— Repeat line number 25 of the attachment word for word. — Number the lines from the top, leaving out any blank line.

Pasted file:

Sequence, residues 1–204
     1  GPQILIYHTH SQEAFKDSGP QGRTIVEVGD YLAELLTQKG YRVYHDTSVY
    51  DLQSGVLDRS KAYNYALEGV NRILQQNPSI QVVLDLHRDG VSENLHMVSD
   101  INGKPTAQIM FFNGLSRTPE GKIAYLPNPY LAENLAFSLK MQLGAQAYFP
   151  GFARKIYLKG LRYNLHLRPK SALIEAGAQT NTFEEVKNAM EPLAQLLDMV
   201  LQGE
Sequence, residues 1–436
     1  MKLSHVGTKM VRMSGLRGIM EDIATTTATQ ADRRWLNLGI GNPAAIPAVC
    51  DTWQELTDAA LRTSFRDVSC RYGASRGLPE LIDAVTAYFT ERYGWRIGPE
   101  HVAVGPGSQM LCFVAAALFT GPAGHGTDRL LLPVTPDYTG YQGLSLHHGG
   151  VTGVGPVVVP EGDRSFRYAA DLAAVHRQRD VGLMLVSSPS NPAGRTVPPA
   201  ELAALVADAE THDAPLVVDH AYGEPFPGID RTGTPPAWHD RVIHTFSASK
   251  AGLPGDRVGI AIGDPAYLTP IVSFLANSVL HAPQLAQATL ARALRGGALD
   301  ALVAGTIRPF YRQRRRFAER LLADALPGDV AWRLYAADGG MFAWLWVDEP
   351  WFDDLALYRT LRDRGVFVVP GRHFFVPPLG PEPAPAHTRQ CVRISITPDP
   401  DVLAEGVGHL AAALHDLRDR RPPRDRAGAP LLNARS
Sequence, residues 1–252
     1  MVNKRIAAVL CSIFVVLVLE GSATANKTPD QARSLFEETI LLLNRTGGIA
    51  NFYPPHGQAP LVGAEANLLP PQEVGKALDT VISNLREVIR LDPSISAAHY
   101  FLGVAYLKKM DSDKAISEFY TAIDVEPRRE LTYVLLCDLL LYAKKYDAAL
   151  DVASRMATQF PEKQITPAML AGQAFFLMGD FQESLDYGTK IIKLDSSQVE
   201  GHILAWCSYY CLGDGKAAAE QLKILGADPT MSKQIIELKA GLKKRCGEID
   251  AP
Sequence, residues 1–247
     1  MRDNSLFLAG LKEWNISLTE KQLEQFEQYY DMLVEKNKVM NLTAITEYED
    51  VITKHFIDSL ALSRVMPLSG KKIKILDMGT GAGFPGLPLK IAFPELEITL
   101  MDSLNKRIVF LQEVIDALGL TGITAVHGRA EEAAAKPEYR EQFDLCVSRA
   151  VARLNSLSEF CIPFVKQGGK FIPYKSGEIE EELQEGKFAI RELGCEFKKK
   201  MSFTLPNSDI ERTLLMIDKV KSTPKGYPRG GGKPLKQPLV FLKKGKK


     1  MRDNSLFLAG LKEWNISLTE KQLEQFEQYY DMLVEKNKVM NLTAITEYED